Jeffrey Eugenides Calls Short Stories 'Maddening' — And Now He Has A Collection
Jeffrey Eugenides is well known for novels like The Virgin Suicides and the Pulitzer Prize-winning Middlesex. But his latest work, a collection of short stories, marks a departure. "Short stories are difficult, maddening little puzzles," he says, "and I've been trying to learn how to write them since I first started to write."
Eugenides' new book, Fresh Complaint, is made up of 10 short stories that he wrote over a span of many years.
On how he chose which stories to include in Fresh Complaint
These are all the stories that I wrote and deemed worthy for consumption in my life. There [are] a lot of other ones that are in various boxes and desks, but this goes back to the first story I ever had published, which was in The Gettysburg Review. You know, it's almost like reading your diary from your 20s. When I read the story, I remember who I was and what I was reading and what I was thinking about in terms of literature at that time.
On what connects the stories
You know, the writer is the animal and the readers are the zoologists, so they have to decide what kind of connection there is between these different creatures. My editor did say that there is a kind of progression or arc in that the presentation of a male experience gets older; that some of the early stories, like "Air Mail," deal with a college student who's traveling the globe and searching for the truth about life, and then some of the other stories are about men who are married and have children and are confronting financial problems and the stalled careers and problems that you would encounter in middle age. So there's a kind of questing, aspirational but also thwarted quality to a lot of the men in these stories — a kind of sadness.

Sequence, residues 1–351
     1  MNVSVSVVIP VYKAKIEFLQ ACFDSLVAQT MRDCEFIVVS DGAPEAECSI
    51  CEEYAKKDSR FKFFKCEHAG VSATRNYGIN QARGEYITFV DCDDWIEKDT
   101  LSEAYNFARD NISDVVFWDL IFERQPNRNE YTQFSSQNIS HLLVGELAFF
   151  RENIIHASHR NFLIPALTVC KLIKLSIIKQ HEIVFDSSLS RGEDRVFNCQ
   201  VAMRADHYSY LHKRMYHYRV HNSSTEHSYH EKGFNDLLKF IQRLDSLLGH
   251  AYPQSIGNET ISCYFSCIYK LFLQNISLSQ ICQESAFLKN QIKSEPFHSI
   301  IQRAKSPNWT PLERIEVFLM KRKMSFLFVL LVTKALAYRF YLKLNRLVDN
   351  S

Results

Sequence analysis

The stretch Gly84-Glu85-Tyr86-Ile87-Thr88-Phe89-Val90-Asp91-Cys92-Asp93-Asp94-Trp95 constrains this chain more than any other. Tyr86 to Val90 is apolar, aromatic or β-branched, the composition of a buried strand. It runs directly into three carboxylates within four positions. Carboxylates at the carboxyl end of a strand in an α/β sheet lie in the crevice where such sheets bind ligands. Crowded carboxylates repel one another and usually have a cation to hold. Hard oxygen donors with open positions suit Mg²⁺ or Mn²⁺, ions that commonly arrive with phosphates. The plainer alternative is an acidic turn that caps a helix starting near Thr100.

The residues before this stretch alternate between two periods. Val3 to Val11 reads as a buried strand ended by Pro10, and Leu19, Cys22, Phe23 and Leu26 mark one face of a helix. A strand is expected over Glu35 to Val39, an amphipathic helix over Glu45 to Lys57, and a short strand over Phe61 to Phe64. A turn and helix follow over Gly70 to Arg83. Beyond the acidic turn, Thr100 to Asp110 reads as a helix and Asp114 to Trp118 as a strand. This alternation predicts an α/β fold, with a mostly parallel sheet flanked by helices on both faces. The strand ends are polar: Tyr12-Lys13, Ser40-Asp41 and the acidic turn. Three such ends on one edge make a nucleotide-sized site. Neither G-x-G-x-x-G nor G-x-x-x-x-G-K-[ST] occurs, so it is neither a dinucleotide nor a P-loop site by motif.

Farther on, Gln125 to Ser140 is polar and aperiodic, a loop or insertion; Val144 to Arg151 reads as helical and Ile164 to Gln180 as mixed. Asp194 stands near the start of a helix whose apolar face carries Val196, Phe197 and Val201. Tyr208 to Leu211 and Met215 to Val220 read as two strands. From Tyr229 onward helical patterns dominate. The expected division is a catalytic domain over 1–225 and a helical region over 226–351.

And then at the end, in the larger story "Fresh Complaint," a character coming out on the other end of a great mistake in his life and learning from it and moving on hopefully to better times. So in that way I think there's a full progression of a descent and hopefully a sort of ascent at the end.
On what inspired the short story "Complainers," about a female friendship
That story is based on my mother, who died just this last spring, suffering from dementia. I noticed a lot of people my age are dealing with that and writing stories about their parents suffering dementia, but I wanted to try to do it in a different way. And instead of writing about my mother's decline, I wanted to write about the part of her life that I knew the least about, and that had to do with a lifelong friendship she had with a woman who was much younger.
And so I investigated and imagined their friendship, and I tried to tell a story about these two women and how they had gone through difficulties in their marriages, difficulties with their children, but had kept together by reading this book about an Alaskan legend that becomes emblematic for their lives and then also about dementia. I was writing that story for a couple of years while my mother declined, and it was a way of keeping her present for myself and keeping her alive in a sense, keeping her intact.
On why it's so maddening to write short stories
There's no space. I mean, they're very short. That's the problem with a short story: You get it going and then you have to shut it down. And I am a novelist by inclination; I get an idea and then that suggests another idea or another character, or let's change the point of view, and let's have many points of view. And I've tried to do that in some of the stories — I've thought about them as novels that I've just compressed into a small space, but it's just a different kind of thing. You're trying to boil experience down into a very small precipitate, and there's something fun and maddening because it's difficult, but you can just keep playing with it and keep playing with it and trying to get it to work. And, oh, years and years can go by in this process.
Samantha Balaban and Barrie Hardymon produced and edited this interview for broadcast, and Nicole Cohen adapted it for the Web.
Copyright 2023 NPR. To see more, visit https://www.npr.org.